Ours was the only Newport Ball pre-party dedicated to a charitable cause. We began with a grand auction where everyone had to bring something of significant value to be for auctioned. Within minutes it became clear this had not been thought through clearly. People had bought an assortment of goods. Eric Sillman had bought some goats, Toto Narayan had bought jute sacks laden with cinnamon sticks, Antonio Wallace had bought geese feathers, Rick Moore had bought barrels of crude oil, Dmitri Ponomarev had bought compressed gas, and Wei Liou had bought spare parts for a Toyota Camry, to name but a few. The problems were immediately obvious – how in Gods name does a buyer transport a small flock of goats past the Newport licensing laws ? Needless to say the goats remained unsold.
“I ain’t f****** take them back home”, said Eric. Needless to say there was silence as goats don’t talk back. Or so we thought. “Bastard,” said a little goat in the corner.
“Whoaa!” exclaimed Doug Raymond in shock. “Did I just.. was that really… it can’t be…,” he stammered.
A talking goat that understood how to apply the medieval Latin word bastardus to modern day coarse American slang was something special indeed. We did what we were trained to do as a close-knit, integrated section. “Ra ra!” shouted Greg Fairbanks in his customary response to anything not in his tank manual. “Cook it!,” screamed the Lads as they combined their ultra-hard attitude with Jamaican cuisine. “No wait, lets… castrate it!” retorted the Lads, now in full poetic flow. “Castration is for wimps, why don’t we just bugge…” started the Lads again but they were interrupted midway through their verse.
“That’s not a real goat, you idiots,” said Meggan Friedman. “It’s a god damn animatronics goat.” Everyone stared at the goat in some disbelief. The goat realized there would never be a better moment than this and so it started singing. “It’s the circle of life…”.
“Oh my god! Look!,” said Adam Diamond “it’s the goat from Disney’s Lion King musical, that’s what is it.”
In that moment we felt close, at one with each other, peaceful, rested, relaxed, as the dry ice whisked its way around our legs and made us feel we were sitting on clouds. “Hakuna Matata,” chirped DY Lin to get us all in the mood.
“Nice touch with the dry ice Onil”, said Kee Ng. Onil paused for a moment trying to remember. “Hey Guys!,” he said, “that’s not dry ice, it’s the compressed gas vaporizing as it mixes with the oxygen in the atmosphere.”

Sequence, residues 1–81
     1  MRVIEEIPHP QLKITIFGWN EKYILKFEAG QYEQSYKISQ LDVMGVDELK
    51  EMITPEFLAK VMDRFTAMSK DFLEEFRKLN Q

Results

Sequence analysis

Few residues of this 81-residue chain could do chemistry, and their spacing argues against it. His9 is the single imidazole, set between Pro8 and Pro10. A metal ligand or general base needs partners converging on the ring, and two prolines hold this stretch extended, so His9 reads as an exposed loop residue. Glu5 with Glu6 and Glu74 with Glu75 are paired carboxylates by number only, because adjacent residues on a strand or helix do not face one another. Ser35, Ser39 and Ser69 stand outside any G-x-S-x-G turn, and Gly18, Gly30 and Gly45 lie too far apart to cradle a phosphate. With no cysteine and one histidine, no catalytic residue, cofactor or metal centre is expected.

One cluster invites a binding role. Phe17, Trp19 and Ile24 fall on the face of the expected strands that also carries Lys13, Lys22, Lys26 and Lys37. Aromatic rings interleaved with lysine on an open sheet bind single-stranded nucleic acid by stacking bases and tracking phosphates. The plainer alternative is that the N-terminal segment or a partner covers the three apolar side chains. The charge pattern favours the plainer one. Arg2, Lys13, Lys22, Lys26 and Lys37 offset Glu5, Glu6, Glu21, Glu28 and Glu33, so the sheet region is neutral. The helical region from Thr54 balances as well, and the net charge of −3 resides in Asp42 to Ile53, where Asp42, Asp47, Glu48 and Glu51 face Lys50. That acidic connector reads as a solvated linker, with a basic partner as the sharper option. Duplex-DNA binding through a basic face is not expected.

Although no one was crushed in the ensuing stampede, someone did manage to knock over the barrels of oil straight onto the beach. The slick rapidly snaked its way to the water. The call of nature was powerful and within minutes Wei had used drift wood, other beached items and his Camry spare parts to create a boom around the slick to limit its damage. But even from the beach where we stood one could see the water birds being coated in oil. Cindy Koch and several others, without care for their safety or tuxedos and dresses, waded into the oil-sludge covered water and started grabbing the birds from the oily slurry and throwing them back to the beach where Cassandra Hanley began to wash off the sludge from their wings with soapy water so that they could live.
“Hey, wait a minute,” said Cassandra. “These birds have no heads!,” she screamed. Others rushed to the scene. “Oh my God,” screamed Warren Tranquada, “some of these birds have no bodies!.”
“Hey Guys!,” said Onil, “that’s not birds, those things floating in the oil are the geese feathers that Antonio had bought.”
Miguel Lopez and Juan Carlos were slightly hurt in the ensuing stampede to get the hell out of the beach. As we reflected on how our close-knit section had stuck together through these amazing events, Lana Newishy held up the ten dollar bill that was the outcome of our auction. But an unforeseen gust of wind blew the bill off Lana’s soft fingers and carried it far away into the sky.
Rafad, a young indigenous boy scrimmaging for unexploded bombs from the ’67 war found the Ten dollar bill in the demilitarized zone in the Giza plateau. As he skipped happily home through the desert, he was stopped abruptly by a German military convoy. “Boy, come here! Tell me my little friend, have you seen the Ark ?,” said one of the convoy leaders with an evil eye as he patted his Luger.
Before Rafad could answer or bribe the convoy leader with his ten dollar bill, he was whisked off his feet by a marauding band of desert hooligans who charged through on camels and horses. “Al Ahara! Al Ahara!,” they screamed, “Tell me where the Jewel is ?”, they demanded.
Before Rafad could answer or offer to buy the Jewel for ten bucks, a small platoon of US special forces suddenly appeared from nowhere. “Where is the damn Gate son ?”, they demanded. “We have to seal the Gate before the sun god Ra tries to f*** with the US government, son.” Rafad looked at his ten dollar bill, and tore it up. “Curse the people who sent this my way,” he thought. “I don’t want this foreign nonsense,” he thought as he pondered changing his name to Bin Ladin.